Saturday, March 8, 2014
By RACHEL ZOLL The Associated Press
(Continued from page 1)
Pope Benedict XVI places a note in the Western Wall, Judaism’s holiest site, in Jerusalem’s Old City in 2009.
The Associated Press
Pope John Paul II, left, is shown with then-Cardinal Joseph Ratzinger of Munich, who would go on to be elected to succeed John Paul II on April 19, 2005, as Benedict XVI.
1979 Associated Press File Photo
In another dramatic move, he ordered a full-scale reform of the Legionaries of Christ, a conservative religious order whose founder for years sexually abused seminarians and fathered at least three children. However, Benedict didn't discipline church leaders who kept guilty priests in ministry or hid claims from parents and police.
"His method was to translate crimes into sins, and sins can be forgiven, sins of the cardinals and bishops," said author Jason Berry, who has written extensively on the crisis, including the book "Render Unto Rome."
Benedict's first official act as pope was a letter to Rome's Jewish community.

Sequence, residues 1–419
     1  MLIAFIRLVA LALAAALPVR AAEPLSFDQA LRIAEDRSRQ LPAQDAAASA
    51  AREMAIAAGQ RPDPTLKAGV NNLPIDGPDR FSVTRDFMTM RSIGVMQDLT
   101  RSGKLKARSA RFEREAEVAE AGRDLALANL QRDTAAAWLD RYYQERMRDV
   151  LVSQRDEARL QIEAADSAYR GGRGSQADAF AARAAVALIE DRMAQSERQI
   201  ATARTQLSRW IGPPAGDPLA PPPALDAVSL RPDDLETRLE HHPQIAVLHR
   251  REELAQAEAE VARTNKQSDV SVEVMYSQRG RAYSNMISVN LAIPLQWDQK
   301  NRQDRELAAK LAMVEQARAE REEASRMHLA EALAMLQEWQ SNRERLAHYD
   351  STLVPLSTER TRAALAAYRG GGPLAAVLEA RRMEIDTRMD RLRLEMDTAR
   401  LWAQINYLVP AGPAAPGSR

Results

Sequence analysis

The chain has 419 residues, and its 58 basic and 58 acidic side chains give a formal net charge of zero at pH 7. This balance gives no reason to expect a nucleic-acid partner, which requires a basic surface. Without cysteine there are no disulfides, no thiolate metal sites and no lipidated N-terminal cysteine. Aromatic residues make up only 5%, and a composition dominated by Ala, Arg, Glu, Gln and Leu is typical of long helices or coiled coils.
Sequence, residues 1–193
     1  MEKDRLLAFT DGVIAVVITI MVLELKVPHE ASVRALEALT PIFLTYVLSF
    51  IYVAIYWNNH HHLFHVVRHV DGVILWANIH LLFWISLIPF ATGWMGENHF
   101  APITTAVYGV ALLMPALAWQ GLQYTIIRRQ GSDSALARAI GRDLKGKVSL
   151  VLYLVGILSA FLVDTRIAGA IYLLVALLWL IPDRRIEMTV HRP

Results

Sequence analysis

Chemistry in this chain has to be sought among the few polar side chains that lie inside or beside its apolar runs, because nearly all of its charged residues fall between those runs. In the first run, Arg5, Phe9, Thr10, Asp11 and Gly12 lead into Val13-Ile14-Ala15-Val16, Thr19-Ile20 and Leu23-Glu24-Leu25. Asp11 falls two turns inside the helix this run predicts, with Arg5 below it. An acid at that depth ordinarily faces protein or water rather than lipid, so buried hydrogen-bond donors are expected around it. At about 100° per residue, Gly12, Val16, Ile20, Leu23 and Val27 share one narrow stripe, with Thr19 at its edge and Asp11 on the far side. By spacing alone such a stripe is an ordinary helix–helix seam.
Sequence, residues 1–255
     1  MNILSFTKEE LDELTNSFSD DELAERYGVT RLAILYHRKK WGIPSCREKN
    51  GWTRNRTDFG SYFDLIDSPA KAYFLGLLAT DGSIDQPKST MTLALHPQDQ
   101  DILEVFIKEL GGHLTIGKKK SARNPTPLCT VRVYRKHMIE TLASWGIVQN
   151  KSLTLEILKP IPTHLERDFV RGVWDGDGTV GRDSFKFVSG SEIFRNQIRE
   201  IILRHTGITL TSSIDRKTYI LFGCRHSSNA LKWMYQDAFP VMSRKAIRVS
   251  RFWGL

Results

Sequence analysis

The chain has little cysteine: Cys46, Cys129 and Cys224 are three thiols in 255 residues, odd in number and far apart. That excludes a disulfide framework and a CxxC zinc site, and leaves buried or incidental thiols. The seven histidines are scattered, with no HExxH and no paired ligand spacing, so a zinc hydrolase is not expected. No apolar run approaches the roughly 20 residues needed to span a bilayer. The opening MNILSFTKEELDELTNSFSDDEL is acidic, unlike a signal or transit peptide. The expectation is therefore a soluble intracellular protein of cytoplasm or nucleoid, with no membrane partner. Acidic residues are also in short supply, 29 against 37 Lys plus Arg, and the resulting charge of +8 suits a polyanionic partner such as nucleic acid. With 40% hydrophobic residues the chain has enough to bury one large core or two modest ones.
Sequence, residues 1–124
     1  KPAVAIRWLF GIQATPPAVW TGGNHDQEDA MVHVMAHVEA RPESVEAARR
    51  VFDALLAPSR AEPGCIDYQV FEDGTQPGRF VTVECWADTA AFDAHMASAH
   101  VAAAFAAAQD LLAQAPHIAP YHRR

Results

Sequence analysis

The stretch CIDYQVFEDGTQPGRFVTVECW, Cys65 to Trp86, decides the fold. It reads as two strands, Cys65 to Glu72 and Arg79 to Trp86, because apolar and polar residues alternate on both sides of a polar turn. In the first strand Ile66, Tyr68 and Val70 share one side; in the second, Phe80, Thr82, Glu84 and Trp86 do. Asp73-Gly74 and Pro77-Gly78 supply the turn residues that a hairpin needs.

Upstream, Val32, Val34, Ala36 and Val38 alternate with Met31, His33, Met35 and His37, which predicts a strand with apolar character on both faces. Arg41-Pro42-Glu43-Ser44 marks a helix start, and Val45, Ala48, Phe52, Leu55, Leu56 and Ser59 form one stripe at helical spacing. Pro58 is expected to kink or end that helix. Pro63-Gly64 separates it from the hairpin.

In his 2011 book, "Jesus of Nazareth," he made a sweeping exoneration of the Jewish people for the death of Christ, explaining biblically and theologically why there was no basis in Scripture for the argument that the Jewish people as a whole were responsible for Jesus' death.
However, he also angered Jews on a number of fronts. Jewish leaders harshly criticized Benedict when he removed the excommunication of a traditionalist British bishop who had denied the Holocaust. Jews were also incensed at Benedict's constant promotion toward sainthood of Pope Pius XII, the World War II-era pope accused by some of having failed to sufficiently denounce the Holocaust.
"There were bumps in the road during this papacy," said Abraham Foxman, national director of the Anti-Defamation League. "But he listened to our concerns and tried to address them."